Pest Animals Look Out! A Smorgasbord of Control Methods Coming Your Way!

09th May 2013

Pest Animals in the Glen Innes region will be controlled with a variety of methods this autumn after a successful Pest Animal Control and Landholder Training Day was held at Wellingrove Hall earlier this month.

Twenty landmanagers from as far away as Coonabarabran attended the day to learn tips and tricks to maximise their pest animal control efforts. Participants took part in a series of hands on activities to increase their knowledge and skills for successful pest control on farm. A consistent theme for successful pest animal control occurred throughout the day. Control for any pest animal needs to follow four basic principles: broadscale, cooperative, integrated and coordinated. It is essential to work with your neighbours utilising a variety of control options.

Mark Lamb, Professional Trapper Tenterfield, had people engaged in identifying signs of pest animals. Footprints, scats, caches and other signs were inspected for feral cats, wild dogs, feral pigs and foxes, even deer and rabbits were covered. Mark’s faithful assistant Fred the Kelpie cross gave participants an insight into some of the behaviours to look out for in their own working dogs that may indicate there is wild dog activity in the area.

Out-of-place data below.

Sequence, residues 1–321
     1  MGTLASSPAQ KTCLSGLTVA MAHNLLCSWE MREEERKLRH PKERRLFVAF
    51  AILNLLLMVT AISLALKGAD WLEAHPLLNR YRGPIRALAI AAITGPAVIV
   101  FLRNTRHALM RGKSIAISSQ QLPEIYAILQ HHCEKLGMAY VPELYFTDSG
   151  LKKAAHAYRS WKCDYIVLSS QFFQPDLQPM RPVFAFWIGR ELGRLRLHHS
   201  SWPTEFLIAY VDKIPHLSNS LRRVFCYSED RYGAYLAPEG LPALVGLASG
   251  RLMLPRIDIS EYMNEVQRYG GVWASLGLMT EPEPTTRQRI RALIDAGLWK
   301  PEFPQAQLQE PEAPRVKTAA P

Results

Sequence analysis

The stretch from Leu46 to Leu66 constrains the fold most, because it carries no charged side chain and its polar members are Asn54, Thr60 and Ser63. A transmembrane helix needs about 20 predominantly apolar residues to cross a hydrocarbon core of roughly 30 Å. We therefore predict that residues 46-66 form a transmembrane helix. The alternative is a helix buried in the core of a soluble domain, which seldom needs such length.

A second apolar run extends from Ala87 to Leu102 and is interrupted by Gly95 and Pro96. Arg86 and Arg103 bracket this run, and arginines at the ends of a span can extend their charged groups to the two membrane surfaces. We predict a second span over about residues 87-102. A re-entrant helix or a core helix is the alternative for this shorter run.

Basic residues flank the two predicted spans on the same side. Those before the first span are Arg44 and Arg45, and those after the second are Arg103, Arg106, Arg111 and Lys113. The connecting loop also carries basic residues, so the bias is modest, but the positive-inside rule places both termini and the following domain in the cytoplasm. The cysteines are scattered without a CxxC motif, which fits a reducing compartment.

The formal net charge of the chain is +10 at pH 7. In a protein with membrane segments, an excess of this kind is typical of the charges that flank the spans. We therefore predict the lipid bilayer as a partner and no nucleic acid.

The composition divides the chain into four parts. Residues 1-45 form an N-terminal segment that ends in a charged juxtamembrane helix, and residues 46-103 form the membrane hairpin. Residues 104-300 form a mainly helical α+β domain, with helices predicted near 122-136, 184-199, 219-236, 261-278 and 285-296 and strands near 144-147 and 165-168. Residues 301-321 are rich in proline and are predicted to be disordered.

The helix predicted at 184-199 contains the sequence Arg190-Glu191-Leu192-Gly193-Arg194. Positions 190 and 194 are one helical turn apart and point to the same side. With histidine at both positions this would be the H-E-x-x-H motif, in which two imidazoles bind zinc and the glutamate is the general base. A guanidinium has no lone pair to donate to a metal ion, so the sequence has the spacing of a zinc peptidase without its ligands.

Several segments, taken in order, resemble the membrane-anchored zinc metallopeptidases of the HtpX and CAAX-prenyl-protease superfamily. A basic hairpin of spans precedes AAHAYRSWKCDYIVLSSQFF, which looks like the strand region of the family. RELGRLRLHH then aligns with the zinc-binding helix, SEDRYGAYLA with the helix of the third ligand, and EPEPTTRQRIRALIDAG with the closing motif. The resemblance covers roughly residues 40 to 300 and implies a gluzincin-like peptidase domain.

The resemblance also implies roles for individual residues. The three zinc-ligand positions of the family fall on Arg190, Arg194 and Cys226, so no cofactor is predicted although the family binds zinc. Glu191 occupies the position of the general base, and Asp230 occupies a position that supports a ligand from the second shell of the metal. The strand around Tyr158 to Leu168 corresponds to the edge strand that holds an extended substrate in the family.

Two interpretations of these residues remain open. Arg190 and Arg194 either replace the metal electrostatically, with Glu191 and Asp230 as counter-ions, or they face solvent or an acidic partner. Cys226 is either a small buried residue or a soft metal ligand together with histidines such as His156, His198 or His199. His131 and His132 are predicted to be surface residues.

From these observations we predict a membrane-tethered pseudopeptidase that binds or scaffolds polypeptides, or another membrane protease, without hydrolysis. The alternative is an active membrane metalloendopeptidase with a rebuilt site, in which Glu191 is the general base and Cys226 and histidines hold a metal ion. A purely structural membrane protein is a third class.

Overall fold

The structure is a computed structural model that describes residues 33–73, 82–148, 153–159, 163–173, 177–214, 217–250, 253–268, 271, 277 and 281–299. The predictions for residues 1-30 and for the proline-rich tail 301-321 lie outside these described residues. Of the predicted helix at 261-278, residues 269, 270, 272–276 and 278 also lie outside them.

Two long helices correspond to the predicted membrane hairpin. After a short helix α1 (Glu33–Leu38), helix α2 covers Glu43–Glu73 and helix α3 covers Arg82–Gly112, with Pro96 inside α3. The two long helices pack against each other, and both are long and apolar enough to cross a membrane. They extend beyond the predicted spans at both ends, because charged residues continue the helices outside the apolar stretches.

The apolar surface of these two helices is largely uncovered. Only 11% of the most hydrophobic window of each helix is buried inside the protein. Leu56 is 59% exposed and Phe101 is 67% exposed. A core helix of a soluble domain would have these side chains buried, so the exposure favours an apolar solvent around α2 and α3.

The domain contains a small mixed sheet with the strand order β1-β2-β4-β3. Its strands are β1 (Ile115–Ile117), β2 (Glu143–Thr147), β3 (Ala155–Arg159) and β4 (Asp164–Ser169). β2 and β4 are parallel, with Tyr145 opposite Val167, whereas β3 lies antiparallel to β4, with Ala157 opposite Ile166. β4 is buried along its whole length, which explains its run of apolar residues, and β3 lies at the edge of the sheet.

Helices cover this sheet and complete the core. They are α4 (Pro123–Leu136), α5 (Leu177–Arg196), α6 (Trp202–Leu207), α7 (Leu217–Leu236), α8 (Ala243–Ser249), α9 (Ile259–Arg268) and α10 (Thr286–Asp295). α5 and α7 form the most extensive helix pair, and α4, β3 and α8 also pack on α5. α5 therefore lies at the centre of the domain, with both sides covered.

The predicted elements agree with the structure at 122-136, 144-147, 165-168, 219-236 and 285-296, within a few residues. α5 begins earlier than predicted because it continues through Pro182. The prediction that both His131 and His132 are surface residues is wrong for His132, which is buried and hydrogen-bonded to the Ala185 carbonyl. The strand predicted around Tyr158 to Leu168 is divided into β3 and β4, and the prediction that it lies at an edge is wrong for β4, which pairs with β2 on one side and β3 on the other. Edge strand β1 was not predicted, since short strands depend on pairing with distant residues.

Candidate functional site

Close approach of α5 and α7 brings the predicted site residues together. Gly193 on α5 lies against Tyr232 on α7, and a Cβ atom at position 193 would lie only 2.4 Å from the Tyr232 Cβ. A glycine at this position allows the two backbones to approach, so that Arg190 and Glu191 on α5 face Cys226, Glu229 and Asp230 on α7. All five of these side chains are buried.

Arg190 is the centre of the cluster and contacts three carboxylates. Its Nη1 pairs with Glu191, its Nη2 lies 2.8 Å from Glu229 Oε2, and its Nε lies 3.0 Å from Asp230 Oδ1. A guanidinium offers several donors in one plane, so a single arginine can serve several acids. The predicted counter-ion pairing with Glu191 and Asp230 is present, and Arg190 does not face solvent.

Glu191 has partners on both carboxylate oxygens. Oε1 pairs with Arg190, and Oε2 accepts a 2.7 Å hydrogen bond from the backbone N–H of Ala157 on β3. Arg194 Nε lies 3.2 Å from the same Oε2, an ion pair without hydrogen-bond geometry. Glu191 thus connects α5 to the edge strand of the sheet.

Local National Parks Pest Management Officer, Stuart Boyd-Law showcased a range of baiting control options. These included a variety of fresh and dried meat baits and manufactured products for wild dogs and foxes. Mr Boyd-Law displayed a range of bait laying techniques such as buried, tied and concealed baiting and participants were treated to a demonstration of the new M44 injector bait delivery device. The M44 is currently being trialled and will hopefully be available to landholders as another pest animal control option in the next couple of years. A series of lures also created a stir amongst the crowd, some were good enough to eat where as the odours of others were displeasing to say the least. Feral pig control options and delivery mechanisms had everyone engaged.

Feedback from participants has been very positive with comments such as “it has been great to see so many organisations working together” and “I thought I new a lot about pest animal control but I have learnt a number of new things I can try at home”.

Monitoring of pest animal impacts and the effectiveness of your control program was also covered. This was supported with a 1 hour training session on the uses and benefits of camera trapping. Camera Trapping has become very popular in recent years and can be a very effective monitoring tool. Participants were introduced to the broad range of cameras available and the pro’s and con’s of a lot of these products. There is a camera for every need, the main point is to do your research and make sure the camera you invest in suits your purpose. Mark Lamb, Professional Trapper Tenterfield, explained how the cameras are triggered and the best way to set them up in the field.

The day had everyone transfixed from start to finish. Many participants commented at the conclusion of the day that they needed to get out in the paddock to start implementing some of the methods they had learned. Coordinated Wild Dog and Fox control programs will be delivered throughout the Glen Innes region during April and May 2013. If you would like to join a coordinated control group in your area or are interested in starting a new group please contact GLENRAC on 02 67 323 443.

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